“I know it’s been awhile since I last rode this track, so I’m not surprised that some bumps have turned up here and there. But I just feel like there seems to be too many bumps. I’m getting a lot of action on my front end. Can you check it out?”
I had asked my friend Rob.
He was in attendance too on my return to the track this year, also riding for the day. He and I had just both done a session, and I pulled out of the track after he did. I didn’t think Thunderhill Raceway could develop that many bumps in the half year since I was last there, so I thought maybe something was up with my front suspension. I know I had Rob freshen it up before hitting the track, but maybe the setting was off by a click or two one way or another, or something.
Rob bounced my front end up and down. See, he made his success as one of the best motorcycle shops in the Bay Area by first making a name for himself as a master suspension technician; before they were Evolution Motorcycles they were Evolution Suspension. But Rob didn’t find anything funny going on with my front end. So he made his way to the rear to test that one out for good measure.
“Oh boy,” he said.
I had no reaction. I didn’t know if that was “oh boy…” or “oh boy!” Nor did I really notice what he had. So I just continued looking at him, waiting for the punch line. He had to point it out to me. He bounced the rear and specifically indicated just how slowly the rear end rebounded after compression. The rebound rate was so slow I had to look intently to see it creep back up. It was like the hare and the tortoise in difference between the compression and rebound damping respectively. It had nothing to do with what I was feeling at the front, but Rob was actually surprised that I was riding around the track on a rear suspension that wasn’t even working properly. I told him I had intended for us to service it along with the forks prior to the trackday, but just ran out of time. He asked me when was the last time I had it serviced, and I told him that if I recall correctly, at least a couple of years ago, maybe three.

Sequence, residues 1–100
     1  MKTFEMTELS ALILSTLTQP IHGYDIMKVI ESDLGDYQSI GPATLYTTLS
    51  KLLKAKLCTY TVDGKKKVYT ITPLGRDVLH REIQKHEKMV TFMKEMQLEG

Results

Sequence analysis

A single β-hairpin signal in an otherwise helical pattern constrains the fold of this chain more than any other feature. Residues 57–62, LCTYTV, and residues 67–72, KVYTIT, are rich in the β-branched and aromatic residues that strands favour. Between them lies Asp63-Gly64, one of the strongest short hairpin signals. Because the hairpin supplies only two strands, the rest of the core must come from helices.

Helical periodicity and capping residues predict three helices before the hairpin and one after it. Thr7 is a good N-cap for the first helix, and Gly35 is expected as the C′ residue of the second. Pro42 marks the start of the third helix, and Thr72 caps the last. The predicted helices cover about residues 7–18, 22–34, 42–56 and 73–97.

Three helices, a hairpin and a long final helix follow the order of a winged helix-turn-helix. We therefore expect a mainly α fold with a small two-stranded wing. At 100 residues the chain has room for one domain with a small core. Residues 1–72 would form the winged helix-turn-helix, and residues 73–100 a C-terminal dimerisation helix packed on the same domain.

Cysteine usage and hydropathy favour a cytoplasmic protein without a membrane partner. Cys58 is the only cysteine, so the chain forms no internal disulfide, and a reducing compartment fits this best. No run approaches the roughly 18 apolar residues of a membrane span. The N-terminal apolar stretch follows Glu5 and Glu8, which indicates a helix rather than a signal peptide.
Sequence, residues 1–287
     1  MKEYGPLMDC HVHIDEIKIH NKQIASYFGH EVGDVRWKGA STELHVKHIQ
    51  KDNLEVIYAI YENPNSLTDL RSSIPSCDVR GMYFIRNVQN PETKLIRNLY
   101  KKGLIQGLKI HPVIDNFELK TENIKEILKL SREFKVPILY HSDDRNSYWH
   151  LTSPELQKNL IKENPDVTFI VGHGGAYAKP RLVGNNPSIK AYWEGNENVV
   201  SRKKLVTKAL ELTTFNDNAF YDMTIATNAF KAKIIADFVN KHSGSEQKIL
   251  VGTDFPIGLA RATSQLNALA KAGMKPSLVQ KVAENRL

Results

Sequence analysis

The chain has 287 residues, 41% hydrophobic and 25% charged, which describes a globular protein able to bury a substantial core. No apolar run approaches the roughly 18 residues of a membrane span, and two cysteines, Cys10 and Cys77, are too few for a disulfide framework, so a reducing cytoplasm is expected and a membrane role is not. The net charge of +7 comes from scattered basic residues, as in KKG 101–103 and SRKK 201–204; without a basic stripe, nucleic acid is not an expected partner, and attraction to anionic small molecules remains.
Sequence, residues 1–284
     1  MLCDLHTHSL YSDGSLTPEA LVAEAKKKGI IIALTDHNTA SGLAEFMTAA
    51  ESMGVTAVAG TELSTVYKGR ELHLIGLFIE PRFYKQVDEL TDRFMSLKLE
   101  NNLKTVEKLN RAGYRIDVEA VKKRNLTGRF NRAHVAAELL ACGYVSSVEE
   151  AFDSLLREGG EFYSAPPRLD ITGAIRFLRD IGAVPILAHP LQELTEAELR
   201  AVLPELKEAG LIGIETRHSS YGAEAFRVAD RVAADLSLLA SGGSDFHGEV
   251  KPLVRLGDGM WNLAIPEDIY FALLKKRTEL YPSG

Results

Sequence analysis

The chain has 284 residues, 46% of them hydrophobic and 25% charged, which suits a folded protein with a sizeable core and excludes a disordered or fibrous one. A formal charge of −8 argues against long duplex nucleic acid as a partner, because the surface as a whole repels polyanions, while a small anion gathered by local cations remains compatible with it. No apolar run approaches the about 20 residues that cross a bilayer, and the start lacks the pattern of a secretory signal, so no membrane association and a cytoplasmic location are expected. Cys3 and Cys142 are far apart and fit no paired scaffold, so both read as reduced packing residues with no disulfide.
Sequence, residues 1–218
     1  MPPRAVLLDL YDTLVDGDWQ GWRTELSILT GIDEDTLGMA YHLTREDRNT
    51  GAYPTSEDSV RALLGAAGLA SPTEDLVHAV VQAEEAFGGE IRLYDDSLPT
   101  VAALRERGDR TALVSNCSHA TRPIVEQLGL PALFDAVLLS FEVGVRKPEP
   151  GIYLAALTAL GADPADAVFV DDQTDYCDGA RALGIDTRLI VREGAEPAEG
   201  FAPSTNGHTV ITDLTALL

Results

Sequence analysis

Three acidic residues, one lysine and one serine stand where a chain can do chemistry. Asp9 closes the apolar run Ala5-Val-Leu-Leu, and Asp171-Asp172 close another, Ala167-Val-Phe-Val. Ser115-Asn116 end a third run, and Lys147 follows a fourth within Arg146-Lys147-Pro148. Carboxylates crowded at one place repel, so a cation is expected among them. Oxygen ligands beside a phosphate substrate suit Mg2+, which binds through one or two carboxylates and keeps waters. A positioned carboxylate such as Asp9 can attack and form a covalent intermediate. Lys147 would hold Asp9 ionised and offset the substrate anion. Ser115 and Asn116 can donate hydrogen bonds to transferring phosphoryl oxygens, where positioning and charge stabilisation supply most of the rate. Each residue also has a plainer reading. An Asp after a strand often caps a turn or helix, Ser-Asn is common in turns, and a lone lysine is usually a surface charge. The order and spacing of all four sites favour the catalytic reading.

Then he got mad.
See, he chases me whenever we’re out riding together always trying to out-ride me. It’s all in good fun, as I like riding with friends I know I can trust anyway. He said he’s been working hard to catch up to me, but now he realizes I’ve been riding handicapped unintentionally for who knows how many track days now. So it was with a heavy heart that he even agreed to service my rear shock.
Rob said he already knew what the problem was. It’s a common issue with the earlier Penske rear shocks. Effectively, there is a rubber “bump stop” inside that provides a cushion between two metal surfaces that contact each other regularly as the shock works. Penske had first used a kind of softer rubber material that would eventually disintegrate in time, making their way into the valve orifices, blocking the flow of oil and therefore hindering suspension damping. Penske has since upgraded that bump stopper to material less susceptible to that kind of wear and tear, and that’s what my rear shock needed.
This is clearly my fault. Not just because I should’ve up kept my rear shock more regularly, but more because of both my disconnection with the minute behavior of my bike no matter how regularly I ride it, and my tendency to just ride around things (mostly because I don’t realize I am). Never mind a master suspension technician like Rob, but I have peers like me who are very much in-tune with what their bikes or their suspension is doing. One thing to start going amiss and they’ll know it.
Me, I’m none the wiser, and unless something’s egregiously wrong that even I can’t ignore it, I just keep riding. Sometimes I even ride around slightly handicapped if I don’t feel like it’s that big of a deal. Case in point: My front brake lever, which has been at an angle too high for my hand for the last half decade. At some point I had replaced the brake hose between the master cylinder and the reservoir to clear tubing for aesthetic purposes. Only I cut the length a tad too short to connect the two and since I couldn’t adjust the angle of the reservoir to compensate, I had to compensate with the angle of the master cylinder. Slightly awkward, but livable, but since I had been on a roll with refreshing my R1 all around, I figured I’d flush my brake fluid while Rob worked on my rear shock, giving me a chance to replace the brake hose to a more appropriate length, again of course, to Rob’s chagrin.
I have to say, even though it’s taken me this long to get my R1 this sorted, I’m really excited for my next track outing.
This is by far, the most tip-top shape my R1 has ever been at any given time since I’ve owned it, hands down.